Venue: Birmingham & Midland Institute, 9 Margaret Street, Birmingham – Lecture starts at 11.00 a.m. Reception from 10.30am.
Edward Burne-Jones’s early years as an artist were spent under the watchful eye of Dante Gabriel Rossetti, but by the 1870s he had developed an independent and idiosyncratic style of watercolour painting, which would defiantly challenge the existing conventions of the medium. His continual quest for improvement and the perfect expression of his personal vision led him to experiment with many of the latest new nineteenth-century painting materials which he purchased from the respected artists’ colourman, Charles Roberson, whose sales ledgers survive today. My research, based largely on the Roberson ledgers, reveals fascinating insights into the artist’s evolving technical practice in the medium of watercolour over the course of his whole career. Works in the collection of Birmingham Museum and Art Gallery provide the main focus of this lecture.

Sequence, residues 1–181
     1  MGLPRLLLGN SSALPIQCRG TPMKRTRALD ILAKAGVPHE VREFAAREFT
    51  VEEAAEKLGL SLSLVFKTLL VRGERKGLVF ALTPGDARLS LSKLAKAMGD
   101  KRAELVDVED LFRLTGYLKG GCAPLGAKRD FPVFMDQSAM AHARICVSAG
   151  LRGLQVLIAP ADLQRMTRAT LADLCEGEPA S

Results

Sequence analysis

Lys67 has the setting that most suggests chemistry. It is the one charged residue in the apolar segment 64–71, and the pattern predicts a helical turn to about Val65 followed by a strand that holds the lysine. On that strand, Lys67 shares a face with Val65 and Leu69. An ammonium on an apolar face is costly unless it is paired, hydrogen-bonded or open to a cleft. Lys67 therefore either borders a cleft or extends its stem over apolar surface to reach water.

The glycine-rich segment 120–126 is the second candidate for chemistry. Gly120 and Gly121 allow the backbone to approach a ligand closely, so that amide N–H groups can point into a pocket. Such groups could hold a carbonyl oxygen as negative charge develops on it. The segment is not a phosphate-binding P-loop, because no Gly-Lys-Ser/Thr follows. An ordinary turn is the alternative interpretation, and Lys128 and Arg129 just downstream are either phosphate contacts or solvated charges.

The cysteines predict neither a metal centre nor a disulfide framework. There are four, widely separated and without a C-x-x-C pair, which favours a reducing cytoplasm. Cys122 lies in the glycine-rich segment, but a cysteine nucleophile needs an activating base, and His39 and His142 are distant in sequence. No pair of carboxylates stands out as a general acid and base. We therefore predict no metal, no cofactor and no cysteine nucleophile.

Fiona Mann completed her PhD in History of Art at Oxford Brookes University in 2012, under the supervision of Professor Christiana Payne. Her thesis was entitled “Brushing the Surface: The Practice and Critical Reception of Watercolour Techniques in England 1850-1880” and it investigated the impact of new nineteenth-century watercolour materials and equipment on the radical painting techniques of contemporary artists, including Samuel Palmer, Frederick Lewis, Myles Birket Foster, John William North and Edward Burne-Jones. Her MA studies focussed on the watercolours of Dante Gabriel Rossetti. She has subsequently published an article on writers in art in the British periodical press between 1850 and 1880 in the British Art Journal; and on the watercolour painting methods of Edward Burne-Jones in the Burlington Magazine. She is currently researching the oil painting materials and techniques used by Burne-Jones, for which she has received a Paul Mellon Research Grant.
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